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2024 Salary Increases Lower Than Projected

woman looking at a paycheck by a laptop

Salary increases for the year are coming in lower than employers projected back in fall 2023, indicating that pay raises look to be trending downward after years of substantial growth.

U.S. employers reported that 2024 annual merit increase budgets rose by 3.3 percent, on average, while total salary increase budgets jumped by 3.6 percent—down from the November 2023 projections of 3.5 percent and 3.8 percent, respectively, according to new data from Mercer.

Total salary increase budgets include merit awards as well as all other types of compensation increases impacting base pay, such as promotional increases, cost-of-living increases and minimum wage increases. For results, Mercer surveyed more than 1,000 organizations in March.

“Amidst a stabilizing labor market, employers are witnessing a welcome relief on wage pressures as compensation budgets inch closer to pre-pandemic norms,” Lauren Mason, U.S. Workforce Solutions and Innovation Leader at Mercer, said in a statement.

Not only are employers handing out fewer raises, they’re also offering up fewer job promotions. Mercer found that compared with what they reported in 2023, employers have promoted or are planning to promote a smaller percentage of employees in 2024—8 percent on average of all employees (down from 9.3 percent projected in November 2023).

Salary increases varied significantly by industry, Mercer found. Industries such as transportation equipment (3.9 percent), nonfinancial services (3.6 percent), mining and metals (3.6 percent), consumer goods (3.6 percent), and chemicals (3.6 percent) are providing merit increase budgets above the national average of 3.3 percent. By contrast, health care service and the retail and wholesale industries lag the national average with 2.9 percent merit increase budgets, along with the tech sector at 3 percent.

Employee Expectations Aren’t Declining

Interestingly, the findings from Mercer showing that employers seem to be slowing pay increases come as other data found that employees are expecting higher pay.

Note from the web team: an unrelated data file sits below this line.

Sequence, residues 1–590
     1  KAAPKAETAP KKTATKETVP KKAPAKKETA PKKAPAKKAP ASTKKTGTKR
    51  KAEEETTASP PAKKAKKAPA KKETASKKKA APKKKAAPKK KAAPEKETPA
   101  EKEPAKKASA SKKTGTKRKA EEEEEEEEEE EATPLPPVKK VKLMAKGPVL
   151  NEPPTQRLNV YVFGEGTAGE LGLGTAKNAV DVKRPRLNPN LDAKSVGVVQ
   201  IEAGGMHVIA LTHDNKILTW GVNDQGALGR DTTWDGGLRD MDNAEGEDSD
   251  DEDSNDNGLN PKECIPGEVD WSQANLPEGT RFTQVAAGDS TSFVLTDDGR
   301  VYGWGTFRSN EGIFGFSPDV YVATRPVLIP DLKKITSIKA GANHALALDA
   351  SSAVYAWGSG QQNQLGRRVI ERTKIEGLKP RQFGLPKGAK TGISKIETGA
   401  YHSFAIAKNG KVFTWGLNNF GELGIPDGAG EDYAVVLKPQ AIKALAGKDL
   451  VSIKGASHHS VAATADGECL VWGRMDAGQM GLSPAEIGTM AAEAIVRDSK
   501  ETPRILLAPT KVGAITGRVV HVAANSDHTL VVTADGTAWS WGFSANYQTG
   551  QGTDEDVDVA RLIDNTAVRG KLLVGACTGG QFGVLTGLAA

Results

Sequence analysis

A survey out earlier this month from the Federal Reserve Bank of New York, for instance, found that the lowest average pay that people would be willing to accept to take a new job—also known as the reservation wage—jumped significantly over the past year, reaching $81,822 as of March. That’s a big jump from November, when, on average, people said they’d need an offer of $73,391 to accept a new job.

Other recent data from the American Staffing Association and the Harris Poll found that although inflation has dropped over the past year, its residual effects continue, with more than half of workers (53 percent) saying their paychecks are not keeping up with inflation. That survey also found that nearly 4 in 10 U.S. adults said their overall financial situation is more stressful than it was 12 months ago and are looking to their employers for help.

Amy Stewart, associate director of content and editorial at Payscale, a Seattle-based compensation software firm, said that although inflation is down from its heights in mid-2022, the impact is “still being felt, as pay increases have not offset price increases for many.” Meanwhile, she said, high interest rates are also making big purchases more difficult for employees.

For these reasons, some experts say employers shouldn’t slow down pay bumps too much if they want to continue to retain and attract talent.

Mason said it’s important for organizations to “remain vigilant during this cooling market, as robust job growth and low unemployment rates persist.

“With the added challenges of pay transparency and heightened visibility to pay information, now is not the moment to lose focus on compensation strategies,” she said. “It's time to be strategic and deliberate, ensuring that investments are directed toward attracting and retaining the skilled workforce necessary to drive business success.”


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